We took 3 days out of Salvador to go inland to trek through the hills of Chapada Diamantina, enjoy waterfalls, go swimming and just get away from city life. This area wasn’t on our agenda originally but the Brazilian lady with whom we trekked Machu Picchu highly recommended the place. So we thought we’d try it out. We left our big packs at the pousada, and found the right bus for a journey out into the country.
The national park area of Chapada Diamantina is a 1500 sq.km. area of mountainous country with an abundance of waterfalls, large caves, endemic flora and fauna and some lovely walks. The area is only accessible through a local town called Lencois which was just gorgeous. A small town, whose whole business is supporting tours, trips and people who go into the Chapada. The town is all single storey, narrow buildings which are home to a large mixed-race population. These homes are interspersed with restaurants, general food stores, bars and tour operators. The restaurants we ate at were good and well priced and delightfully sold white Chilean Sauvignon Blanc – Debbie could have a glass at last. The blot on the visit was the Pousada that we were lodged at, probably the cheapest and the worst in town judging by the fact that we were the only visitors stupid enough to stay there. Apparently, the only room available was a garret just under a roof that boiled during the day and managed to retain its heat during the night. The room was so hot and without air-conditioning that we were prepared to sleep with the windows and doors open, offering our soft, white bodies to all passing mosquitoes. Fortunately, they would rather remain in the cooler outside air than venture into our oven.
The rivers that flow through the area are similar to those of southern Venezuela in that the waters are bronzed by iron and tannins. The terrain too is one of flat top mountains created millions of years ago before any form of life existed. It is peculiar that such similar landscapes are over 2,000 miles apart, separated by the mighty Amazon and thick jungle.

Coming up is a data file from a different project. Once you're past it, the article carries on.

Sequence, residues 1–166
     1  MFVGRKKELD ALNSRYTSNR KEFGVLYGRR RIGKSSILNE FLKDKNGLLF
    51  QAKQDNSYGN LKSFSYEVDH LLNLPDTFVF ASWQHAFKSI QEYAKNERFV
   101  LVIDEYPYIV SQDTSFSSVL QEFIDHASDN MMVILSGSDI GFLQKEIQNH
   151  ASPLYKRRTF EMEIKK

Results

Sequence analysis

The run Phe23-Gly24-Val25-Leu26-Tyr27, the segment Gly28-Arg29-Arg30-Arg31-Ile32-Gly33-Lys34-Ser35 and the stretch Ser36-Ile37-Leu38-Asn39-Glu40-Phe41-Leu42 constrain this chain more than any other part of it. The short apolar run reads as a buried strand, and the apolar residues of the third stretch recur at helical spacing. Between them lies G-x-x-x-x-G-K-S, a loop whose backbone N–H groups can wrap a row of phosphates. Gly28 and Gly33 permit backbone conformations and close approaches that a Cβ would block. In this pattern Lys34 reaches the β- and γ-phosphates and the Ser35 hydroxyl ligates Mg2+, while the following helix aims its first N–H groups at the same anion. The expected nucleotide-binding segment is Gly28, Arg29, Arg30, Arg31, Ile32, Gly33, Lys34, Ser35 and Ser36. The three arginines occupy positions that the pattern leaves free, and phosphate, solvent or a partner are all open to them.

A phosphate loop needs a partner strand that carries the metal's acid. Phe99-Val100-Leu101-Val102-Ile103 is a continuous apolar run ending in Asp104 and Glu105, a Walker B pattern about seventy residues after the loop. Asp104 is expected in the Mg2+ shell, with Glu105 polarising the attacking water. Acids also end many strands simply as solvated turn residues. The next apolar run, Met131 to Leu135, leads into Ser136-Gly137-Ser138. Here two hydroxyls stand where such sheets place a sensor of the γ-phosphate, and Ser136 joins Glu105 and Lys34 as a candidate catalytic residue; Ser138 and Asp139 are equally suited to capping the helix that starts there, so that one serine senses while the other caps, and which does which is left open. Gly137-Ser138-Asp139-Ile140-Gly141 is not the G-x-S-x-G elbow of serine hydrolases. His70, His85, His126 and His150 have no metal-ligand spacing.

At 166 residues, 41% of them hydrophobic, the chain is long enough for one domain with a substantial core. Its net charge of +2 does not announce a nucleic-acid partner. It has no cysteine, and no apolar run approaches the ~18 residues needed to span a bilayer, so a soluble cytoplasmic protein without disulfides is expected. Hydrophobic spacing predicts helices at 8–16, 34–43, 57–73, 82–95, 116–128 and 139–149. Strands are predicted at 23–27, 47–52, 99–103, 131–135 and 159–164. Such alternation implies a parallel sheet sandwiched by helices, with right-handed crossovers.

Our full day began with a visit to a waterfall called Poco do Diablo where the blood red Rio Mucugezinho plunges into a series of natural pools in which we spent some time swimming and cooling down.
We climbed down deep into a dry cave, Fumacinha Gruta (Gruta = cave) trying hard not to knock off too many stalactites that reached down from the roof of the cave like a giant hairbrush. When we got to the end of the trail, deep in the earth, we entered a tiny area in which it was too low to stand and at this point the guide turned off his lamp, leaving us in a darkness that was complete. As if being tortured at night was not enough.
Next door was a different cave experience and this time, we had to wade through clouds of hungry mosquitoes that guard the entrance. Gruta Azul (Blue Cave), is so called because it has a pool of water that is crystal clear and a deep blue when the sun catches the surface. The water is so clear and clean that I would have walked straight into the water had I not been told it was there.